A famous part of the Prophet’s Night Journey is the story of God making 50 daily prayers obligatory on Muslims. Below is an excerpt from a hadith from Sahih al-Bukhari that mentions this:
Among the things which Allah revealed to him then, was: "Fifty prayers were enjoined on his followers in a day and a night." Then the Prophet (ﷺ) descended till he met Moses, and then Moses stopped him and asked, "O Muhammad ! What did your Lord en join upon you?" The Prophet (ﷺ) replied," He enjoined upon me to perform fifty prayers in a day and a night." Moses said, "Your followers cannot do that; Go back so that your Lord may reduce it for you and for them."Sahih al-Bukhari 7517
There are many strange aspects to this story: The idea that God prescribed 50 daily prayers, the idea that Prophet Muhammad did not complain, the idea that Prophet Moses had to speak up on behalf of the Muslims and lecture Prophet Muhammad on the number of daily prayers humans can handle, and the idea of the Prophet going back and forth between God and Moses to adjust the number of the prayers.
I decided to do a study of all existing chains of all hadiths that mention this “50 daily prayers” theme in order to find out just how strong their chains are. Below is a diagram of the result:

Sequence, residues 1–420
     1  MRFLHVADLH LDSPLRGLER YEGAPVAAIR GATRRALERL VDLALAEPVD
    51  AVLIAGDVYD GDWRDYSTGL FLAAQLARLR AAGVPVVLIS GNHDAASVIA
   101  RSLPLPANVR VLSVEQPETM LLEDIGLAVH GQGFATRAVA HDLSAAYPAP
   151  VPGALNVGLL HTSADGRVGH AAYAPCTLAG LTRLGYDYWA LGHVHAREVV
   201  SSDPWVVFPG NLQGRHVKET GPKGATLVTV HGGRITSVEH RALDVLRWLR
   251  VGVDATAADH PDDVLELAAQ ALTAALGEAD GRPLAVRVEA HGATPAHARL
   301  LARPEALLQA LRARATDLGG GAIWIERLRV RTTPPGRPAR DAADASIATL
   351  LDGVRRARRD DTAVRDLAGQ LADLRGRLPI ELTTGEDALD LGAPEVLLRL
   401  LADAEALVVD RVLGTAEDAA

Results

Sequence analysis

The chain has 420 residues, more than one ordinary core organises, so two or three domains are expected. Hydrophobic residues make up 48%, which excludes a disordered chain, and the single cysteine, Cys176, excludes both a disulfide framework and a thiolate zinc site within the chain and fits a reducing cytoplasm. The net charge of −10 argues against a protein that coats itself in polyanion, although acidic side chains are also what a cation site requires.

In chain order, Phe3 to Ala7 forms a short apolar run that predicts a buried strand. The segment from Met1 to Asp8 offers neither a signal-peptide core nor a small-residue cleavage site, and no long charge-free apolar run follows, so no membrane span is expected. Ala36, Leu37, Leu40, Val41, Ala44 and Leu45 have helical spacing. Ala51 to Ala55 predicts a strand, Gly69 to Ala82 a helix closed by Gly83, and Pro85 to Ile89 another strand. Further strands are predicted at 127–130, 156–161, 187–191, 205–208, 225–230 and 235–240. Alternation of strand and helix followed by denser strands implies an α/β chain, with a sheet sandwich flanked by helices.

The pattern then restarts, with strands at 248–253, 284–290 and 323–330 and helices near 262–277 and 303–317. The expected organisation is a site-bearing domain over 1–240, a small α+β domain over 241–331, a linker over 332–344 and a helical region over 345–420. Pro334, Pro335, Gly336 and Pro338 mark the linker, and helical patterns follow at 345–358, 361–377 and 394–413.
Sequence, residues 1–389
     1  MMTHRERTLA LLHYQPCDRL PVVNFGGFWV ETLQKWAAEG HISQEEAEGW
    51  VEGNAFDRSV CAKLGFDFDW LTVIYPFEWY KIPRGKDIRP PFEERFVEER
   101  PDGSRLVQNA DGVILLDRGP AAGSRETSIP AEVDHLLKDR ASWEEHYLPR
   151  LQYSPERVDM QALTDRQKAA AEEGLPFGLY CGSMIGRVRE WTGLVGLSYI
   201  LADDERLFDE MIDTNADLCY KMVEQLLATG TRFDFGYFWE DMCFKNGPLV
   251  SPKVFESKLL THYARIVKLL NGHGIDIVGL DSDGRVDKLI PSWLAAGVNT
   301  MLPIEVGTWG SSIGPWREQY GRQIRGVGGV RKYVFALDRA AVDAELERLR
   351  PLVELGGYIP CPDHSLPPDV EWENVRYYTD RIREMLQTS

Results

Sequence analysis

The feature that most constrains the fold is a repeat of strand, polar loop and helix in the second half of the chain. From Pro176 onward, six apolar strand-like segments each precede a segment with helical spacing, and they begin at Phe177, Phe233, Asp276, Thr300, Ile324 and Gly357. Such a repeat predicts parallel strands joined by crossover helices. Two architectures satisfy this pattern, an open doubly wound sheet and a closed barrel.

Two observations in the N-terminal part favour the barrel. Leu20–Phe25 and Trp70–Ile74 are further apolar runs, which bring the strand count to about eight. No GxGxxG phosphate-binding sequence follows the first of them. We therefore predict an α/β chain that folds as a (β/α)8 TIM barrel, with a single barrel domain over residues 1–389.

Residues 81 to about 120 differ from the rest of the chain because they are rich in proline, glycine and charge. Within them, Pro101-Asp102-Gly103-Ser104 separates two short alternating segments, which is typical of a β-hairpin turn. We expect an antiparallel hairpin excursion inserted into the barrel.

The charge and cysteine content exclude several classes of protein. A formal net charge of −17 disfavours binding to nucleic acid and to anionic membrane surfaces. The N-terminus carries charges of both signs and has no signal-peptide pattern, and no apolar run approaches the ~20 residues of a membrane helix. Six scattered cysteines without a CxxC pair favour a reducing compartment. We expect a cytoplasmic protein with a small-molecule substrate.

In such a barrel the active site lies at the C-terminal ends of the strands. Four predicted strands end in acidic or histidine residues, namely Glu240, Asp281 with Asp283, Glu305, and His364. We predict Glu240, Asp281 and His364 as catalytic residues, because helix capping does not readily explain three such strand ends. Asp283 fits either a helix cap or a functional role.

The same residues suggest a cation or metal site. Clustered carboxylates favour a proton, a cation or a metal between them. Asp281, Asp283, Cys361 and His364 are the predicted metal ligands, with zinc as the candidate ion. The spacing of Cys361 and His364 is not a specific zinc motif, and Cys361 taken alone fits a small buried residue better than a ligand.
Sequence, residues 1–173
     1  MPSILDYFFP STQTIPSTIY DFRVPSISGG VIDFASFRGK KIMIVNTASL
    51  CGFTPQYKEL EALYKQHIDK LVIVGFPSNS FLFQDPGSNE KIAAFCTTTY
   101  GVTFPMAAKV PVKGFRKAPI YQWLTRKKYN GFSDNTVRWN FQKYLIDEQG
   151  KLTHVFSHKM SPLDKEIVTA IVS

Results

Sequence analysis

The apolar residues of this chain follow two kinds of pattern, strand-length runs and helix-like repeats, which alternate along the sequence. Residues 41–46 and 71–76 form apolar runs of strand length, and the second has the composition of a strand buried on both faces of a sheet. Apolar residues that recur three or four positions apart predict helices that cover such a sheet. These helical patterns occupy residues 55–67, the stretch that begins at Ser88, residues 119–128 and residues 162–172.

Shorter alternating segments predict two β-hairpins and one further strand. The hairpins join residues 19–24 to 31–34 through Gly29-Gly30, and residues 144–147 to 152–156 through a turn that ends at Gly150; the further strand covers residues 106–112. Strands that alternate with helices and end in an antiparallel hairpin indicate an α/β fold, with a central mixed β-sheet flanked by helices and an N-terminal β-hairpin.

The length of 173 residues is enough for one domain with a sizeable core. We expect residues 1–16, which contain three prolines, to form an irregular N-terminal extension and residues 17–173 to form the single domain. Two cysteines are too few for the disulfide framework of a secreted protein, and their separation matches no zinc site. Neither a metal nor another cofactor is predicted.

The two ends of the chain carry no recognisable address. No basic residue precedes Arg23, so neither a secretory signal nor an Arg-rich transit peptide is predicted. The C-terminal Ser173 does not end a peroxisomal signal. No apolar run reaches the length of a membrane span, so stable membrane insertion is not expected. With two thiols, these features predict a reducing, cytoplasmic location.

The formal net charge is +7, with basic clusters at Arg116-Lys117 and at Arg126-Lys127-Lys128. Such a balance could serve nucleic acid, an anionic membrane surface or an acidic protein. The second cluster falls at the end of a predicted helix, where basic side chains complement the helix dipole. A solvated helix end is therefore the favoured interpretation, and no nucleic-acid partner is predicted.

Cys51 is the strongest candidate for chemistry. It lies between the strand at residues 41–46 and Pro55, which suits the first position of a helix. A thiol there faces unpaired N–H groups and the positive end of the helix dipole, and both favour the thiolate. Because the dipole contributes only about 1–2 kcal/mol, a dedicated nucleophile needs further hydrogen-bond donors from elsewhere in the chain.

I used probabilistic hadith verification to calculate the strength of the chains. This method uses probability theory to bring out the hidden weaknesses in chains of transmitters. The result was as I expected: the hadiths all have very low-quality chains of transmitters. None of them reach the 30% probability of authenticity that is necessary for judging a hadith ṣaḥīḥ (“authentic”) using this method. In fact none of them even reach 20%:
- First hadith: 4%
- Second hadith: 17.9%
- Third hadith: 11.64%
- Fourth hadith: 18.14%
The first hadith is so low-quality that it is actually undeserving of being in Sahih al-Bukhari (where it is found).
We can take a final step to combine all of these hadiths’ probabilities together. The result is 23.4% probability of authenticity. (See the linked essay for the details of how these calculations are done).
The verdict is that the supporting hadiths for the story are not strong enough for us to consider it proven that it happened. Therefore skeptical Muslims who find the story strange have the right to be skeptical about it, but I recommend that we keep open minds about it since there is still sufficient support for it that we cannot say with certainty that it is fabricated. (I understand that folks who like to see things in simple black and white terms will find this discussion rather useless, but the science of hadith is all about probabilities, not certainties, and it is important to remember this fact.)